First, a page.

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I am learning C for a class at my university and wish to write the program using the TextWrangler text editor on my Mac (running OSX Lion 10.7). Once I write the .c file, I compile it using gcc. I downloaded the compiler from Apple Developer Tools. It is included in a command line tools download. I locate the file using Terminal, compile it using gcc filename.c where the a.out executable file is created. However, when I type "a.out" or "/a.out" I get the following messages: "-bash: a.out: command not found" or "-bash: /a.out: No such file or directory". I have successfully compiled and ran C programs on Linux systems before using this same method. What am I doing wrong on my Mac? Thanks!

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4 Answers 4

up vote 11 down vote accepted

You need to add a dot to indicate that the executable is in the current directory, as the current directory is not in the path:

./a.out
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That did it! Thanks! –  JT9 Dec 15 '12 at 0:03
    
@JTWheeler, you might also consider naming your object file as this would prevent a.out from being overwritten when compiling multiple C programs manually in the same directory. Do gcc myprog1.c -o myprog1.o and run it by doing ./myprog1.o. Just a suggestion. And alternatively you could use clang instead of gcc for you practice code as it gives better error details. –  RBK Dec 15 '12 at 0:08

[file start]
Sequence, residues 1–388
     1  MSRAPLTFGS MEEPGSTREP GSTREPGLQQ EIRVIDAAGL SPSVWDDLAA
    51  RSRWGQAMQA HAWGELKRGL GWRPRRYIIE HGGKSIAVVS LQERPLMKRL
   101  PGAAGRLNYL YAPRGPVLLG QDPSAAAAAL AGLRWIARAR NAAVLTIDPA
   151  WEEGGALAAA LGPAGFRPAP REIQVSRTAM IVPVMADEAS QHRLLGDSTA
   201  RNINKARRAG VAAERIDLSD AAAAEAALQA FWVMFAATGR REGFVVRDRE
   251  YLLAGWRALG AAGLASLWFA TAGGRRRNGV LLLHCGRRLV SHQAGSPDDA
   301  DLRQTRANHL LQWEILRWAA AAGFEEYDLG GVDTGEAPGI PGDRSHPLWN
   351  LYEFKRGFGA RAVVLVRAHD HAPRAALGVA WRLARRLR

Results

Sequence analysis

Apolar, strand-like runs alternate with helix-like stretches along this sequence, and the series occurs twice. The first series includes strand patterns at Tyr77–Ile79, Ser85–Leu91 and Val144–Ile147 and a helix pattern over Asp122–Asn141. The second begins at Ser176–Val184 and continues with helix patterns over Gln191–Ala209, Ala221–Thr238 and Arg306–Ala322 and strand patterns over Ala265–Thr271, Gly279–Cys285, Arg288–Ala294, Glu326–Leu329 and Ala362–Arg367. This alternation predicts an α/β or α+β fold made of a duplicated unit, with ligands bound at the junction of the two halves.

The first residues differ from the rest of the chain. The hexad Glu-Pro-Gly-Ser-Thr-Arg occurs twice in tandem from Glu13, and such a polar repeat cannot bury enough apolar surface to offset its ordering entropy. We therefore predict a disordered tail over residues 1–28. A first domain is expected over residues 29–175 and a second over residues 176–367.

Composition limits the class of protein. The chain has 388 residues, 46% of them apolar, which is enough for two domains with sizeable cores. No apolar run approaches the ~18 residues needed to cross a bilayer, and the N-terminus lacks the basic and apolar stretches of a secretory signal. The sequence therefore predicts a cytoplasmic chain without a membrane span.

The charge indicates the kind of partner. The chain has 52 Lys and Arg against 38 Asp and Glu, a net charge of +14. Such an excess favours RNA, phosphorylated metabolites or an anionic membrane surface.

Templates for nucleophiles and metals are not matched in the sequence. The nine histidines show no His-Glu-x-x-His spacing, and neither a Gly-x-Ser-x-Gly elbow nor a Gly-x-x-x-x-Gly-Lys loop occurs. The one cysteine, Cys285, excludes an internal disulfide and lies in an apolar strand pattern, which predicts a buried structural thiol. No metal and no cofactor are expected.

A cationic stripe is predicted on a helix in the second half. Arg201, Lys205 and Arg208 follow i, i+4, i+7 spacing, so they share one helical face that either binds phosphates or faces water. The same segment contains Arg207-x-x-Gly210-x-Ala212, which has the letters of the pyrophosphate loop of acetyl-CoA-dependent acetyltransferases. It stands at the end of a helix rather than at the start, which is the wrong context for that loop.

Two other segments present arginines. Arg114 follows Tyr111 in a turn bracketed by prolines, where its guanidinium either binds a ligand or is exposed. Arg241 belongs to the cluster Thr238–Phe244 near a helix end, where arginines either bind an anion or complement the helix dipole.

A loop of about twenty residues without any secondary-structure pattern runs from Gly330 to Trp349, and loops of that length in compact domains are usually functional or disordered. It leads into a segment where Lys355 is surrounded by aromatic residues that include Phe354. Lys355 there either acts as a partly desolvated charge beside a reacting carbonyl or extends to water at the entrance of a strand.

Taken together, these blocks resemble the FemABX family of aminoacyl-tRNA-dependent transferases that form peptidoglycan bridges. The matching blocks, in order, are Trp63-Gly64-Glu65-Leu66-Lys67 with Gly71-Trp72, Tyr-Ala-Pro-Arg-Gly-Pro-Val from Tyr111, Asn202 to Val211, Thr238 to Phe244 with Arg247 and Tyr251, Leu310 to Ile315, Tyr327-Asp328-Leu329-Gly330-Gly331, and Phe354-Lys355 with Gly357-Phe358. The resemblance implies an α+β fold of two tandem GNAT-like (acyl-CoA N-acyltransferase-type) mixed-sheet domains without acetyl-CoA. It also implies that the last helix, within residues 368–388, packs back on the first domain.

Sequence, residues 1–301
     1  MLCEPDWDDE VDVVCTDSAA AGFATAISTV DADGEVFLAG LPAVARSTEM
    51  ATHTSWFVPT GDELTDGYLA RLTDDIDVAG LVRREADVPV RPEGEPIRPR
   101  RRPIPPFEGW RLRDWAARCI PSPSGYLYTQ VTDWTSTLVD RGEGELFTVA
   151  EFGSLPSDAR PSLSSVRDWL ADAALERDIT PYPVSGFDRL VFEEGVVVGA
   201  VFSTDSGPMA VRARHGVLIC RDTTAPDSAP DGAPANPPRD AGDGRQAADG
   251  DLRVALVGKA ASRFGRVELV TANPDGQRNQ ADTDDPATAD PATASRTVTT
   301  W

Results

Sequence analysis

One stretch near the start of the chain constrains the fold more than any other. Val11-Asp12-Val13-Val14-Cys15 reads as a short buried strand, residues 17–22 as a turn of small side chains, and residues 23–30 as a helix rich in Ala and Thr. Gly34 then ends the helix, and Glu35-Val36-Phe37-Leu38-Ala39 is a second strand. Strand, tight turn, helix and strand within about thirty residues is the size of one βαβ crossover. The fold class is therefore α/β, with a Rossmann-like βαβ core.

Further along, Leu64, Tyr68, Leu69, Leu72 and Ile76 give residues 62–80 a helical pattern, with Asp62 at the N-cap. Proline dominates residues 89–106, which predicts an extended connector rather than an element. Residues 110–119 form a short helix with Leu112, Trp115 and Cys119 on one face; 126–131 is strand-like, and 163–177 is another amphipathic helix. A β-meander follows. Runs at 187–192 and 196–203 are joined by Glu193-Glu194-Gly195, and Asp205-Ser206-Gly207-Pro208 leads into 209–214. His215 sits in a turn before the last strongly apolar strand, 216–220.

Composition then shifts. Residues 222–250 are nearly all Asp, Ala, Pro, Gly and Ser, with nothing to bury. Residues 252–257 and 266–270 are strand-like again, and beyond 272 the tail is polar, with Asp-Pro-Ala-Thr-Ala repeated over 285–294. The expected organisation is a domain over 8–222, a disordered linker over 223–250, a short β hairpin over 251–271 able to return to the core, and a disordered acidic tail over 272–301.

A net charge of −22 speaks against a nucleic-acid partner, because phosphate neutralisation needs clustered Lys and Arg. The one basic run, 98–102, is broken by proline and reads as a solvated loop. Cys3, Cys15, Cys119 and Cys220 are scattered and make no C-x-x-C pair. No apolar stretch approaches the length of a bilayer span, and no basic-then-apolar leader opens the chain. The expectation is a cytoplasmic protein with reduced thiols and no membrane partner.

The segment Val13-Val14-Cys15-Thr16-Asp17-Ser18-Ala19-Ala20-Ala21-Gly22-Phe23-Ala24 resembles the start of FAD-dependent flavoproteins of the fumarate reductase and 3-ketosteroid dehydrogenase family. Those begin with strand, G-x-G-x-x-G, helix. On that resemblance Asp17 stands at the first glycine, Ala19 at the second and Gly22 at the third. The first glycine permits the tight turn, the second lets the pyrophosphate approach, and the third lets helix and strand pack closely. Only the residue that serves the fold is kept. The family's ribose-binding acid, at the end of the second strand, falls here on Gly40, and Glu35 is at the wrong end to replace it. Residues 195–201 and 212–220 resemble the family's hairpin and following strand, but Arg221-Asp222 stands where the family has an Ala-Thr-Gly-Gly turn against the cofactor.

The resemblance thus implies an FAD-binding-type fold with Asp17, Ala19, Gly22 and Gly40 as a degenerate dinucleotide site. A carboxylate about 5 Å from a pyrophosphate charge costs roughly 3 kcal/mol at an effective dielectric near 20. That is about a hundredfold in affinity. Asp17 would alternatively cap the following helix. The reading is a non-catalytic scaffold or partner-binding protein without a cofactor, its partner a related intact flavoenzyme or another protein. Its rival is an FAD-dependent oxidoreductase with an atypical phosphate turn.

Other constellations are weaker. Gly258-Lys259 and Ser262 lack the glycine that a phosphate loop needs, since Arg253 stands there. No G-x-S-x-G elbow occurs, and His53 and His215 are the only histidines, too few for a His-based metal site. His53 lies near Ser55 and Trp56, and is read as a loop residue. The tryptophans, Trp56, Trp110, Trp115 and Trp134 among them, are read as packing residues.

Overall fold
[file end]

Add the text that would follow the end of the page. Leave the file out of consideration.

You're just missing one thing! Instead of "/a.out" it should be "./a.out". Another useful thing is changing the output so that you can have multiple compiled programs. Simply, the only thing you need to put in the terminal is the following (fill in the blanks with what you would like)

gcc nameofprogramyouwrote.c -o whatyouwanttheprogramtobenamed

good luck!

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make sure to set your permissions executable with chmod +x a.out

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1  
gcc does it for you... Do not need to run chmod –  benjarobin Dec 15 '12 at 0:10
    
Correct, but this is good practice as not everyone is using gcc. –  MichaelM Dec 15 '12 at 0:27

You have to add a dot in front of the slash:

./a.out

/a.out would try to execute a program in the root folder (/).
a.out will look for your program in all the folders defined in the PATH environment variable.

I have successfully compiled and ran C programs on Linux systems before using this same method. What am I doing wrong on my Mac?

You have to do the same on Linux.

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